His total silence, in his communication, respecting the purity of the ether to be inhaled implies a like ignorance of the other essential point in the ether discovery. Dr. E. R. Smiley successfully used, in the same year, an ethereal solution of opium, in a single surgical operation, to prevent pain ; but, attributing the anæsthetic effect to opium, and being warned of the danger of producing insensibility by that substance, he made no further experiments with the solution.

After the introduction of etherization into surgical practice, Dr. Jackson and other physiologists experimented with many other substances to test their anæsthetic properties. Sulphuric ether, nitrous oxide, and chloroform are the only anæsthetics now in use. Nitrous oxide is used by some dentists. It produces insensibility to pain of a few seconds' duration, sufficient for the extraction of a tooth, but too short for most surgical operations. The only capital operation, so far as is known to the writer, alleged to have been rendered painless by it, is the amputation of a thigh by a surgeon of Hartford; but, though the inhalation was frequently renewed, the testimony of the patient is in print, that the operation was by no means painless.

Chloroform was discovered by Soubeiran in 1831. Flourens, an eminent French physiologist, experimented with it on animals, soon after the ether discovery was made public; and Mr. Waldie, of Edinburgh, a chemist, suggested the use of it in surgery to Dr. Simpson, who applied it with success. Being more convenient to the surgeon, and more prompt in its effects than sulphuric ether, it has been very extensively used ; but it is far from being a safe anæsthetic. Dr. George Hayward, the distinguished surgeon who performed the first capital operation upon an etherized patient, stated, in the Boston Medical and Surgical Journal, in 1850, that there was not a single wellauthenticated case on record of death caused by pure sulphuric ether properly administered, and that there were more than twenty well-authenticated cases of death by chloroform. In 1861 a committee of nine prominent physicians and surgeons, appointed by the Boston Society for Medical Improvement, after collecting all possible information from all parts of the civilized world, unanimously reported “ that sulphuric ether is safer than any other anæsthetic ” ; “that their careful search of journals and monographs furnishes not a single case of death from the proper inhalation of pure sulphuric ether ”; and that the friends of chloroform admit that “over one hundred and fifty deaths have already occurred from its use.” After quoting the words of Erichsen, a London surgeon, that “ when a patient is fully under the influence of chloroform, he is on the verge of death,” they add: “The epithet fleau chloroformique [chloroform scourge] is therefore no undeserved one ; for, in any man’s hands, chloroform may indeed become a scourge whose blows shall fall so suddenly and mysteriously, that, before the surgeon’s knife is taken up, the patient’s life may have passed away beyond resuscitation.”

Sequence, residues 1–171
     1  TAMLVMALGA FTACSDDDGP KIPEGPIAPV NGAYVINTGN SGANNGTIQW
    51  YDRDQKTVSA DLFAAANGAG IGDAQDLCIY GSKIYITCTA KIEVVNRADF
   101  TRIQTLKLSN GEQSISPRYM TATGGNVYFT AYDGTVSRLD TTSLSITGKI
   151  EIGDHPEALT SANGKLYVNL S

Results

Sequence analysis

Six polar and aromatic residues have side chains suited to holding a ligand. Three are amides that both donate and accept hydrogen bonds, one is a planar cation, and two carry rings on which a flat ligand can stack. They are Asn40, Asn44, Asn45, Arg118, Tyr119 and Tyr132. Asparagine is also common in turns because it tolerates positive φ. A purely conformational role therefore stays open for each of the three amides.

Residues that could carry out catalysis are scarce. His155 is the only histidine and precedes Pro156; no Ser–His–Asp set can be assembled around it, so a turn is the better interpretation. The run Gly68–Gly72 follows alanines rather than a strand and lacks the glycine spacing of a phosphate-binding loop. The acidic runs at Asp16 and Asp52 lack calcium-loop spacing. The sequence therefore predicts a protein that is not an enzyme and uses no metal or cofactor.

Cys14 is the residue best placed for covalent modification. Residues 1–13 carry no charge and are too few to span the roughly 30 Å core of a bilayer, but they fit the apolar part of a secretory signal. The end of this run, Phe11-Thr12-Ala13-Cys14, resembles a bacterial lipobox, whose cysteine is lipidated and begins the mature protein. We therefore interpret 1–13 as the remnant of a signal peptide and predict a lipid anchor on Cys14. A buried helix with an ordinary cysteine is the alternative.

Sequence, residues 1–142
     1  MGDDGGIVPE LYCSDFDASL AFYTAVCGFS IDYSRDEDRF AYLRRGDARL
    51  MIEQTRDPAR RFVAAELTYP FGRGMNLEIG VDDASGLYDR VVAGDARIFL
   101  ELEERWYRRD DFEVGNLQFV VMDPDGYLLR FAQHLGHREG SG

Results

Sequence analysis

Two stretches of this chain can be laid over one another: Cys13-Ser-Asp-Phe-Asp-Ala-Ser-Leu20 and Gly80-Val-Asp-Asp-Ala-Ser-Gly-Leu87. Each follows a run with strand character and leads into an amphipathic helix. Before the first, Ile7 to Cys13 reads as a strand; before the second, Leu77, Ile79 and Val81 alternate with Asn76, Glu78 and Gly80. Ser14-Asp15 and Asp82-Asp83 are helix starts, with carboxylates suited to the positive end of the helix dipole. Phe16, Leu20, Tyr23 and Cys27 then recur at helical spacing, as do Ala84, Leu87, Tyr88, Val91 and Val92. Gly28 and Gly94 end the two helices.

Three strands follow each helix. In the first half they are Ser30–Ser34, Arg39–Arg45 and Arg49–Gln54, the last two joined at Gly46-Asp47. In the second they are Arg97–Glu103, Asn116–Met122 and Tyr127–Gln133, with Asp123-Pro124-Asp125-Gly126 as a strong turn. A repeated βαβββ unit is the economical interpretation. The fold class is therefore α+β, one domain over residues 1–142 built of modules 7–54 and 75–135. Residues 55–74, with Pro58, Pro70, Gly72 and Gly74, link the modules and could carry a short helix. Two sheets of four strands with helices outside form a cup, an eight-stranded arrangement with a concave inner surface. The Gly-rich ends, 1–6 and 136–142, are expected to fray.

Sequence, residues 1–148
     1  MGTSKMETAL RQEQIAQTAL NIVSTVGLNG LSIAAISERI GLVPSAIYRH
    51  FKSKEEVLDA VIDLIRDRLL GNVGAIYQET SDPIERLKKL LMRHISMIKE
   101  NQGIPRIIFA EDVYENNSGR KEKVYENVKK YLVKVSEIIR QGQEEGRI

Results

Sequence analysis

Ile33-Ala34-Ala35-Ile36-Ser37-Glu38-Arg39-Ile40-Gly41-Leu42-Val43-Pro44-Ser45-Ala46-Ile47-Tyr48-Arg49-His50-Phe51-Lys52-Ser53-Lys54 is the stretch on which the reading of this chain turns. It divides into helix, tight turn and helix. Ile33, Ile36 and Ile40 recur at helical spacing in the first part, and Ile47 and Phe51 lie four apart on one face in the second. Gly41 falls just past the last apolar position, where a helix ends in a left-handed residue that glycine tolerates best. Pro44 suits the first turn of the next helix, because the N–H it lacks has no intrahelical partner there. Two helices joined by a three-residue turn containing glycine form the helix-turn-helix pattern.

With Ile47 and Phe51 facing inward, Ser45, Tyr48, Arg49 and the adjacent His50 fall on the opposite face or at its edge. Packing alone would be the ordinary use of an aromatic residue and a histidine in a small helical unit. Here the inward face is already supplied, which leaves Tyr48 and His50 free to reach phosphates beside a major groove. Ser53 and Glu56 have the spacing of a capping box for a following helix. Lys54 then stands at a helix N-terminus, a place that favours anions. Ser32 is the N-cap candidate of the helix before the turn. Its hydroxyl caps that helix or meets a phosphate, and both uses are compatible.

1. Through a mistake, Dr. Jackson’s paper was not read before the Academy till January 18, 1847.
  2. The British Parliament, after instituting an inquiry into the value of the new method of preventing the small-pox, including Jenner’s claim to the discovery of it, voted him, in 1802, 10,000 pounds, and 20,000 pounds in addition in 1807.